Nicaraguan innovator creates job app

Nicaraguan innovator Vanessa Castro

Vanessa Castro’s master’s project “Work” has gone from connecting Colombian users with flexible work opportunities to integrating Torre, an app with one million users worldwide.

By Katherine Estrada Tellez (Confidential)

HAVANA TIMES – The idea started as a Masters project by Vanessa Castro and ended as a business idea that has proven to be both competitive and attractive to investors in Colombia. At 31, the young woman from Managua has made her way into the world of technology and entrepreneurship.

Vanessa Castro completed her undergraduate studies in business administration, then worked for several years in non-profit organizations aimed at stimulating the growth of entrepreneurs and small and medium-sized businesses. “I have always opted for jobs with a social vocation,” she says.

Vanessa traveled to Colombia in 2017, to pursue an MBA program at the University of the Andes. She would never have imagined meeting Ivan Castañeda, who is now her partner. Together they created Job, a platform that has a positive impact on the national labor market.

The birth of Job

Vanessa Castro and Ivan Castañeda, during their participation in the Hult Prize Accelerator 2019 in London. The Hult Prize is a competition where emerging companies prepare to attract investors, network and learn. Courtesy photo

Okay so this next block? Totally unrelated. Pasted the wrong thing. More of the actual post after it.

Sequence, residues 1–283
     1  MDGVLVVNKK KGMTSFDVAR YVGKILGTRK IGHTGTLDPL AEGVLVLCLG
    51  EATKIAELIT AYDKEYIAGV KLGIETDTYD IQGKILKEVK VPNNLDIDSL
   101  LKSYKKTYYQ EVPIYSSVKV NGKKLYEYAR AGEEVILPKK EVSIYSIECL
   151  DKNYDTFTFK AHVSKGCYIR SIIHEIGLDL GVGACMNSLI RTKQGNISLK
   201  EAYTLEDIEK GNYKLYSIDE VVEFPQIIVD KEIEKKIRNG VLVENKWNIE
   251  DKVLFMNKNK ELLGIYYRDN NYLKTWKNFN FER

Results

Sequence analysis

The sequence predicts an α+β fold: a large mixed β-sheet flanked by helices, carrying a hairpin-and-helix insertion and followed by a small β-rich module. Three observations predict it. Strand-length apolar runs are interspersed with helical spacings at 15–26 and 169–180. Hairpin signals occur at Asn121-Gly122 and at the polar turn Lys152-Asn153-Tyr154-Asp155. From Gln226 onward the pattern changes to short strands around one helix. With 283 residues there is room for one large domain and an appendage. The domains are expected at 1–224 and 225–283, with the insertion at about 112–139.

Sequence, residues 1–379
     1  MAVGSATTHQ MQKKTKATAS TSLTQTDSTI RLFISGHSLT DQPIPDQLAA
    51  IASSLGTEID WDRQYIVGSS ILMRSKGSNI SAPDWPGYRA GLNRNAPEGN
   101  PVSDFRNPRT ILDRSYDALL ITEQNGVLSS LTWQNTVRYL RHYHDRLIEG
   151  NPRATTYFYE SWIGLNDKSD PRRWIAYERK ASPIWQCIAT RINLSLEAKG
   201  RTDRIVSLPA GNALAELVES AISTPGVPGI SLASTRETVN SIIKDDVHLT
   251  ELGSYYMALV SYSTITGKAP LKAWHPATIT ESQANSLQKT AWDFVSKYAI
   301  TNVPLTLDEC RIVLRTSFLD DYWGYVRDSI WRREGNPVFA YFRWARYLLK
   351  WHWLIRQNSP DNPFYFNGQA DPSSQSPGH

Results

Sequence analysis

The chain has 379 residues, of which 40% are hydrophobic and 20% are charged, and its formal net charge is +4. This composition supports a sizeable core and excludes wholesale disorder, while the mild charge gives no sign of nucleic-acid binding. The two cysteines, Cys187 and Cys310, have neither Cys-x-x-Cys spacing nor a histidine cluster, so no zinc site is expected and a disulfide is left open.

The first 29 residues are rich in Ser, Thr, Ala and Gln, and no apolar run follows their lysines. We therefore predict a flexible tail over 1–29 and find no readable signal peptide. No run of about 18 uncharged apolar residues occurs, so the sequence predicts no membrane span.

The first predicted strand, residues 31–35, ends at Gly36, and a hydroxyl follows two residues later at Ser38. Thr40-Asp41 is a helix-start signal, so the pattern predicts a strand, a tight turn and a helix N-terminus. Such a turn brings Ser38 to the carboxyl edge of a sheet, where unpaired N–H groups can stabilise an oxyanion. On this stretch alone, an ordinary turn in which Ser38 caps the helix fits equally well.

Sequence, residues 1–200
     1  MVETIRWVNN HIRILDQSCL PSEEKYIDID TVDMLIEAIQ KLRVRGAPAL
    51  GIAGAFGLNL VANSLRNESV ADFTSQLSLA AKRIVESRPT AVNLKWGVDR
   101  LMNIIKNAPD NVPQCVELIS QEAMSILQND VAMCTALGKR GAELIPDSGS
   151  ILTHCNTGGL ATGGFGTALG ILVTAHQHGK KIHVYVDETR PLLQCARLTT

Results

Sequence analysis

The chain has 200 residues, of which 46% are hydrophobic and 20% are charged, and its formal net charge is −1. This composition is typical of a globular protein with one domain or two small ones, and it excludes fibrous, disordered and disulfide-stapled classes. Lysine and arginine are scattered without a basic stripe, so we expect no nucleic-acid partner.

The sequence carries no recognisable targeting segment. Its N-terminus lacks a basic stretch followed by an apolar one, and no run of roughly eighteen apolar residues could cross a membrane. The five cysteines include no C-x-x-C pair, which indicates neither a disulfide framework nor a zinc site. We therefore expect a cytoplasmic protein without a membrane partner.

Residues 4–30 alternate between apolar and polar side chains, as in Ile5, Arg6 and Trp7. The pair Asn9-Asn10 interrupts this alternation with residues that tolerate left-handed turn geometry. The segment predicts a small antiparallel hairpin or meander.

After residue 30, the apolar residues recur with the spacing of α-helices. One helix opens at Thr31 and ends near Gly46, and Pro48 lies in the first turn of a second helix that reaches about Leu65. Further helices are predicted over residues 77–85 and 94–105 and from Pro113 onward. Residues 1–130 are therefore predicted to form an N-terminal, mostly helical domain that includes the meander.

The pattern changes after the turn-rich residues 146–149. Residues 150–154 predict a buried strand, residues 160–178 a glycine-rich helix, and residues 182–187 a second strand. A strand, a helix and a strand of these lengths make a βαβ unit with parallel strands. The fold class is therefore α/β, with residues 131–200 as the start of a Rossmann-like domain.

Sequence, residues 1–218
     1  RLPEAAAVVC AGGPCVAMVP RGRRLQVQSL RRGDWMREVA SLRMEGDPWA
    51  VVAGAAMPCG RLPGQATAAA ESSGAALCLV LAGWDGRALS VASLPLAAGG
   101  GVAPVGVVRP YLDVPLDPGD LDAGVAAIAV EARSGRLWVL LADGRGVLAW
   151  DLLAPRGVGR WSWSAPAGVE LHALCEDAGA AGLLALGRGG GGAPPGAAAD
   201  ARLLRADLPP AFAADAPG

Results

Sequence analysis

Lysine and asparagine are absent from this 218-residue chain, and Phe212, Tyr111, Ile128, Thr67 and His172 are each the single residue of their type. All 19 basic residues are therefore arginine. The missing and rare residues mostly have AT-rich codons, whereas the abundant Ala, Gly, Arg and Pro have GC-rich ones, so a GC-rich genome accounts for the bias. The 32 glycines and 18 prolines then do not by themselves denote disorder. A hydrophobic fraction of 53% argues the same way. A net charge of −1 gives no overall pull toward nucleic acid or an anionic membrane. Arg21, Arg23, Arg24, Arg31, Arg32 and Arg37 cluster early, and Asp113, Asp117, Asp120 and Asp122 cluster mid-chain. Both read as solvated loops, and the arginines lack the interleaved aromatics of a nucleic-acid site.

Ivan is a Colombian with experience in the hospitality and food industry. He was well aware of the limitations and weaknesses of the industry, including the difficulty of securing last-minute assistance for high turnover operations.

Vanessa Castro, who had worked with entrepreneurs before, reflected on their needs. “I knew that it would be good for this sector, at the base of the pyramid, to have access to an immediate salary, or to earn additional money,” she recalls.

From conversations between these two professionals, the idea arose to create a digital application that could connect the two parties in a practical and efficient way. “In the same way we call an Uber,” Vanessa explains.

They started to develop the idea in 2018, as part of their master’s thesis. They put the idea through a manual validation process through their social media and found it really had potential. They launched the app to the market in 2019.

It’s like that Job was born. The name of the platform is the French word for “work”, and its objective is to connect people looking for flexible or hourly work, with culinary or hotel companies that need staff for certain periods of time. strong demand. Businesses must be willing to offer immediate payment for work performed.

The platform contains two applications: one for potential employers and the other for applicants. Applicants must register through the platform and then undergo a team verification process. “They detail here their availability and their expected minimum wage,” explains Vanessa.

Once accepted, businesses and registrants can log in as needed.

Working on the radar in Colombia

Thanks to its usefulness, Job has become well accepted in the Colombian labor market. However, Vanessa also adds that they took every opportunity to publicize the candidacy.